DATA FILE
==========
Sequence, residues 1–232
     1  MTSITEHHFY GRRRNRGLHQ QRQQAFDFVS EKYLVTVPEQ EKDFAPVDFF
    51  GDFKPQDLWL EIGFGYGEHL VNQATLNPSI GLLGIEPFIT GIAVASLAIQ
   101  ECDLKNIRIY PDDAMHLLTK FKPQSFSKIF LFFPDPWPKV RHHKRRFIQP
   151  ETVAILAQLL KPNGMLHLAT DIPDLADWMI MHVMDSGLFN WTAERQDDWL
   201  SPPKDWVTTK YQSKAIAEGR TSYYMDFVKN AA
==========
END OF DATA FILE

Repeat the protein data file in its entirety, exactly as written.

Sequence, residues 1–232
     1  MTSITEHHFY GRRRNRGLHQ QRQQAFDFVS EKYLVTVPEQ EKDFAPVDFF
    51  GDFKPQDLWL EIGFGYGEHL VNQATLNPSI GLLGIEPFIT GIAVASLAIQ
   101  ECDLKNIRIY PDDAMHLLTK FKPQSFSKIF LFFPDPWPKV RHHKRRFIQP
   151  ETVAILAQLL KPNGMLHLAT DIPDLADWMI MHVMDSGLFN WTAERQDDWL
   201  SPPKDWVTTK YQSKAIAEGR TSYYMDFVKN AA